Also at this moment it is still calm in the village. The inhabitants want to keep it that way. In order to keep the existing good relations, they formed a common council. Seven representatives are Orthodox Serbs and seven are Albanian Muslim. Each second day they sit down, discuss and decide what has to be done in order to promote peace in the village. To discuss ways and means to lessen possible tensions which arise. At present one in ten inhabitants is a refugee. 400 refugees have been taken in. They stay with guest families. These refugees are from both sides and have experienced terrible events. This has increased the possibility of tensions. That’s why the council has to be more alert.

“Our opinion is that ordinary people do not want war. If war would be profitable, we, farmers would all grow it in their fields and harvest it. However, conflicts lead to nothing. For hundreds of years we lived together without real problems. The political parties are behind the armed combats. They use it for their own means. A great Albania or a great Serbia. Ordinary people have other interests and other problems: my home, to have regular income, a job. However, human beings are manipulated by politicians”. But in this village still ordinary horse sense prevails.

How to deal with the situation?

The question can be raised whether reconciliation is possible between the violators and the victims? History teaches that this can take many years. The generation who experienced such trauma often transmits its emotions to the next generation. The events has caused too many deep wounds. It evokes disgust. People are deeply shaken.

People who fought one another, who caused nightmares to one another, have to live together. They were neighbours or people living in the same region. That can hardly be changed. There should be a way out to live as citizens in one country.

It requires a careful approach. Expectations should not be raised. Nevertheless, time and time again, examples of daily life show that it is possible. Individuals show, even after the most atrocious events, that they can be merciful, that forgiveness is possible, that a new beginning can be made.

For the broader community this can also be accomplished by identifying issues of common concern. The community is encouraged to seek solutions to practical problems. People are brought together on the same interest, sometimes in small initiatives. To start a common kindergarten, a place where the elderly can meet and where the songs in different languages can be sung. To improve the living conditions of people. A process of healing in the form of a common commitment. Every gesture to restore a family's sense of dignity, home, routine, productive capacity, soundness of health and reunification is fundamental to the process of reconciliation.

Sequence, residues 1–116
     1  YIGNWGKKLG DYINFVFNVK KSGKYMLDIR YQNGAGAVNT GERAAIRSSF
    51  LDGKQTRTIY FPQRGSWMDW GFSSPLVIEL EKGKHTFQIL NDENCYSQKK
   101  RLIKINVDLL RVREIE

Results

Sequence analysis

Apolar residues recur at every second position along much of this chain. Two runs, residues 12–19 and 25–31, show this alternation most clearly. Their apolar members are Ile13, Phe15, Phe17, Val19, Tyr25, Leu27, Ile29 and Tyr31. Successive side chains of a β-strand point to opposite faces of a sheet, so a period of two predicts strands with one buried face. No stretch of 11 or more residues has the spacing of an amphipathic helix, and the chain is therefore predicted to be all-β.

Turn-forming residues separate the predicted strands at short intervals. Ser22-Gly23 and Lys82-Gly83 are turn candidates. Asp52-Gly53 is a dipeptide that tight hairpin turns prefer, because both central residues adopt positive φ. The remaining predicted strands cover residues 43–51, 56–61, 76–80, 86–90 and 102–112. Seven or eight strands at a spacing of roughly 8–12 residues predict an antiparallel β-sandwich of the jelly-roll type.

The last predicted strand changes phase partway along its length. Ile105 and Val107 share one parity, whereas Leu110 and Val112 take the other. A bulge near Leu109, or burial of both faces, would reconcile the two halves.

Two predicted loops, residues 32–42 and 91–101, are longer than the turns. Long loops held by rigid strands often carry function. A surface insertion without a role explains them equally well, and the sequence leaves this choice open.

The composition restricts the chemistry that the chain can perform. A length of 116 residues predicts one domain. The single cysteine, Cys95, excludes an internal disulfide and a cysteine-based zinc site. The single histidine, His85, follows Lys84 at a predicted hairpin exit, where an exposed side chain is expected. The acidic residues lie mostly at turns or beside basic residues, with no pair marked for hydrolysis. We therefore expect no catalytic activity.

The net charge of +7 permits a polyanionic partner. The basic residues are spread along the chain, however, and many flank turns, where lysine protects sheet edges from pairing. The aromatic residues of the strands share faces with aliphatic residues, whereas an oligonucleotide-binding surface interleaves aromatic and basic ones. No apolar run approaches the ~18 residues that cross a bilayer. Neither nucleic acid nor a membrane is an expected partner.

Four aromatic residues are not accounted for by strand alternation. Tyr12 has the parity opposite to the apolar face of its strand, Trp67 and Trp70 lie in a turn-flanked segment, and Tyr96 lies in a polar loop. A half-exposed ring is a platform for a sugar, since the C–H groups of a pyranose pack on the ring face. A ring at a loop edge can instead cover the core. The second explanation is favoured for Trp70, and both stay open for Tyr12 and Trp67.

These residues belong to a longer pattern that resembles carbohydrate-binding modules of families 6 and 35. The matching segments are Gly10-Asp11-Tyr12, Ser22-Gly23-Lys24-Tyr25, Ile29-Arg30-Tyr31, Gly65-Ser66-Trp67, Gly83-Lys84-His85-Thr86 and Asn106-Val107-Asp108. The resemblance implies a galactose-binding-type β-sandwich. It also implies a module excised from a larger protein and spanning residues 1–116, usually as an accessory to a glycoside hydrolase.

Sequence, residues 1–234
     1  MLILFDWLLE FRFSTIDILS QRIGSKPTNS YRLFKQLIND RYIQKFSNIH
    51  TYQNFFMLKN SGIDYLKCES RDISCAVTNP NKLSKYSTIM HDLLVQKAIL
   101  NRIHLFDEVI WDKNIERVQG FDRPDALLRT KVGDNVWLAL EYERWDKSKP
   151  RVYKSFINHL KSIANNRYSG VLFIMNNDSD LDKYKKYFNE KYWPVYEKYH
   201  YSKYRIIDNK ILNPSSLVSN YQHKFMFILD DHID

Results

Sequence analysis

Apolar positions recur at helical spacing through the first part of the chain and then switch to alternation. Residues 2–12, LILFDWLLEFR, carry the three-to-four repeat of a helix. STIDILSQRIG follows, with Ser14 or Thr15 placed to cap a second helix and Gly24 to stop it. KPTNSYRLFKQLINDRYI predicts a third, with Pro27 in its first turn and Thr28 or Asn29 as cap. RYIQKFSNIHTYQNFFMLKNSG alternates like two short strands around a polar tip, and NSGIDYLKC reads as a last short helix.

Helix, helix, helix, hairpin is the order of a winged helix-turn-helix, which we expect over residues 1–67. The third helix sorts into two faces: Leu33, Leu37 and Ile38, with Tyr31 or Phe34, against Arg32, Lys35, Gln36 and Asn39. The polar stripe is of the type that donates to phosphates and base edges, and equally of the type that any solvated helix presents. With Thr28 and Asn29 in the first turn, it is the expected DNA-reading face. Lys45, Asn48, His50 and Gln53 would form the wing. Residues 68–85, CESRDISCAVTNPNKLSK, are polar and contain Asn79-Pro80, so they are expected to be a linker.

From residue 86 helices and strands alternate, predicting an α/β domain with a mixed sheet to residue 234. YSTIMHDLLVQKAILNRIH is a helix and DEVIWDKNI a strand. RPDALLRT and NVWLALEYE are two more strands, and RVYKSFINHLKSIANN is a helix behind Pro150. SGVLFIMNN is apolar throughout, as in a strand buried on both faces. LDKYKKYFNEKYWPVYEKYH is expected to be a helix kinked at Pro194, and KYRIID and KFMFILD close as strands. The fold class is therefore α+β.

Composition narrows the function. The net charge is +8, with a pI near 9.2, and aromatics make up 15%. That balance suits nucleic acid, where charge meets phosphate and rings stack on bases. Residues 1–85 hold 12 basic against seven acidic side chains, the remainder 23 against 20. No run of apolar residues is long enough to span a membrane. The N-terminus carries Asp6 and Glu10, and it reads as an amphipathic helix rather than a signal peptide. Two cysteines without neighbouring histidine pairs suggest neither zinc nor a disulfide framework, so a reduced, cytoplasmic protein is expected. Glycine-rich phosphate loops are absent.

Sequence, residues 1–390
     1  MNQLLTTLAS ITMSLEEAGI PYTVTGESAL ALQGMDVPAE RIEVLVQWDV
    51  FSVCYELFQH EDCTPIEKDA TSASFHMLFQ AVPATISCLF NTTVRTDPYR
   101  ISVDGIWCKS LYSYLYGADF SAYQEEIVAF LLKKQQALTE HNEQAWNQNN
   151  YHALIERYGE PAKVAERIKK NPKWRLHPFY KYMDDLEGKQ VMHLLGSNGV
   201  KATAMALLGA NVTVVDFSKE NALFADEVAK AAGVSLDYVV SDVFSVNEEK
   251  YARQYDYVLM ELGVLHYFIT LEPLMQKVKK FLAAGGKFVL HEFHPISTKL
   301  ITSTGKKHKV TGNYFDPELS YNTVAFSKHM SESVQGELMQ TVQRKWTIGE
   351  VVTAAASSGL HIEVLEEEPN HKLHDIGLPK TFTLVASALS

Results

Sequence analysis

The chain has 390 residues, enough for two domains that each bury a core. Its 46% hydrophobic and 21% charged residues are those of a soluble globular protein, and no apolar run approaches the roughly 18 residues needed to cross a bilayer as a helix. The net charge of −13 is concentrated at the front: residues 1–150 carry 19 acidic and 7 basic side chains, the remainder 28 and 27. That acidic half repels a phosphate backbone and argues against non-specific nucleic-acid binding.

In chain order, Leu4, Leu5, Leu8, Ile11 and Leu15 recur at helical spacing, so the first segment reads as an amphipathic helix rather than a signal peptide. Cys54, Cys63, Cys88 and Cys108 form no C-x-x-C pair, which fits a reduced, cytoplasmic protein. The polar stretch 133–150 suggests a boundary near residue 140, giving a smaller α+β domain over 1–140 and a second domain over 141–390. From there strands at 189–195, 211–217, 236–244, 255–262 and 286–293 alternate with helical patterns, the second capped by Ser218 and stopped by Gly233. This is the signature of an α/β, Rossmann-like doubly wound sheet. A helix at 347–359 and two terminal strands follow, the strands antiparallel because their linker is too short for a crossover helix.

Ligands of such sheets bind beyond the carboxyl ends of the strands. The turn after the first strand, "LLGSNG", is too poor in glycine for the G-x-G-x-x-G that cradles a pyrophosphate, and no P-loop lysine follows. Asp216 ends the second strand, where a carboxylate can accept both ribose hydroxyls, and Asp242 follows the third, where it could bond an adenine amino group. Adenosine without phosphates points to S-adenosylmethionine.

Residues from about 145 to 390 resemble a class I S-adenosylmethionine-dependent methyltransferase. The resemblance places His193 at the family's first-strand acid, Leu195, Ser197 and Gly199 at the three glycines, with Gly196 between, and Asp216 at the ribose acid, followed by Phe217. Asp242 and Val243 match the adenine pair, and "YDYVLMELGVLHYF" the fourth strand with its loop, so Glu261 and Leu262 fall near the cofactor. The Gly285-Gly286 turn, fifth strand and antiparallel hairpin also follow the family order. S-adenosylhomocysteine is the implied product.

Another possibility is to develop official programmes in tolerance building. To have workshops at local level with people from opposing groups. An atmosphere must be created that people feel free and secure. They should have the opportunity to speak out, to shout, to scream. After all, people are still in pain. Now they get the opportunity to express their feelings. People who were opponents/adversaries are put together. During a workshop a change in attitude of the participants appears. Their views are changing. People recognize that life goes on despite the suffering and that the region should become a place for all of us.

However, our concern should also be focussed at the early stage of a conflict. Conflicts and war should be nipped in the bud. This requires the development of models of  preventive action. It means intervening in situations where the first signs of an approaching crisis are evident. Calming down tempers and situations so that the development of the crisis will be stopped. It would require the setting up of an early warning system. 

Many times, as churches, we know what is going on and we also have close contacts with the people at the grassroots. People should get prepared to work at different levels in this process. It would demand involvement with leadership at grass roots: local leaders, community developers, local health officials and refugee camp leaders. To set up training at the grass roots level, to develop local peace commissions, to recognize prejudices.

At the same time attention should be paid to leaders from different sectors, academically educated persons, leaders of non-governmental organisations. Attention could be placed on conflict resolution and problem solving. It will create an opportunity for the participants to reflect on their experience of the conflict and at the same time develop skills for dealing with it. This group of persons could be very important since they know about the conflict, and at the same time they have access to the top policymakers. Influencing them could indirectly make the difference.

By focussing in this way one can prevent conflicts from developing into unverifiable events which destroys the livelihood of populations.

As an African proverb states: Peace is like a tree: it takes years to make it grow, but no time to cut it down.